Which SARS-CoV-2 spike mutants can evade T cell immunity?

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fairly difficult
A new study reports the capability of a new variant of the virus to escape specific cellular immunity, while possessing a higher binding affinity to the host cell binding receptor, the angiotensin-converting enzyme 2 (ACE2).
Caused by the severe acute respiratory syndrome coronavirus 2 (SARS-CoV-2), the coronavirus disease 2019 (COVID-19) pandemic continues to pose challenges to public health and economic well-being worldwide. To date, over 132.5 million cases of COVID-19 and over 2.8 million deaths have been confirmed.

A characteristic of this pandemic has been the emergence of numerous viral variants, some of which have spread rapidly to become the dominant strain. One such early variant was the D614G strain which then became the globally dominant lineage.

A new study, released on the bioRxiv* preprint server, reports the capability of a new variant of the virus to escape specific cellular immunity, while possessing a higher binding affinity to the host cell binding receptor, the angiotensin-converting enzyme 2 (ACE2).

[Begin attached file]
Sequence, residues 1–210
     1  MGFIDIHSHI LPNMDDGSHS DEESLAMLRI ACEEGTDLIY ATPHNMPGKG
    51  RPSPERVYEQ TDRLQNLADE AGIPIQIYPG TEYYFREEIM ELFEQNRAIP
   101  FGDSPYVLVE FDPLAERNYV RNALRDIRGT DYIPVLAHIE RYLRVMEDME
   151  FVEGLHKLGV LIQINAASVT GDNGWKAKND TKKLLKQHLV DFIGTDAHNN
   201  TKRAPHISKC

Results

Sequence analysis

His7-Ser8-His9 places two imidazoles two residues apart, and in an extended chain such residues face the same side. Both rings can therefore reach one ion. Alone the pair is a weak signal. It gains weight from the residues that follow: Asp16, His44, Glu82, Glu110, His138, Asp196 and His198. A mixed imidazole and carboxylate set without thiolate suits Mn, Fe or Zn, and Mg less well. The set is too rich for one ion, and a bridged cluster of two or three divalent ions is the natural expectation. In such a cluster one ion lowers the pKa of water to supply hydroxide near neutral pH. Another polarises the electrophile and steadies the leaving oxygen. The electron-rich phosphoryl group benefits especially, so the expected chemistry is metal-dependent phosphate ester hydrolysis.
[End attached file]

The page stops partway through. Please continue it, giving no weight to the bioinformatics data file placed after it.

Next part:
Circulating variants

The D614G mutation markedly increased the viral binding affinity to the receptor, boosting infectivity and viral fitness, and thus enhancing its transmissibility. Much more recently, three variants of concern arose, termed the UK, South African and Brazil variants (B.1.1.7, also known as VOC 202012/01 or 20I/501Y.V1; B.1.351 (also known as 20H/501Y.V2); and P.1 (also known as 501Y.V3).

At the close of 2020, yet another variant has been circulating at a dominant level in California, USA, termed B.1.427/429 (also 111 known as CAL.20C). Cross-species transmission of the virus to mink was associated with the emergence of SARS-CoV-2 variant B.1.298.

Thus, genomic surveillance of circulating virus strains is essential to capture the effects of mutations on viral infectivity, virulence and immune resistance.

Unlike the UK variant, the B.1.351 and P.1 variants show moderate resistance to neutralization by antibodies specifically targeting the wildtype virus.

Cellular virus-specific immunity

The current study explores the resistance offered by new variants to HLA-restricted cellular immunity mediated by cytotoxic T lymphocytes (CTLs).

These cells…
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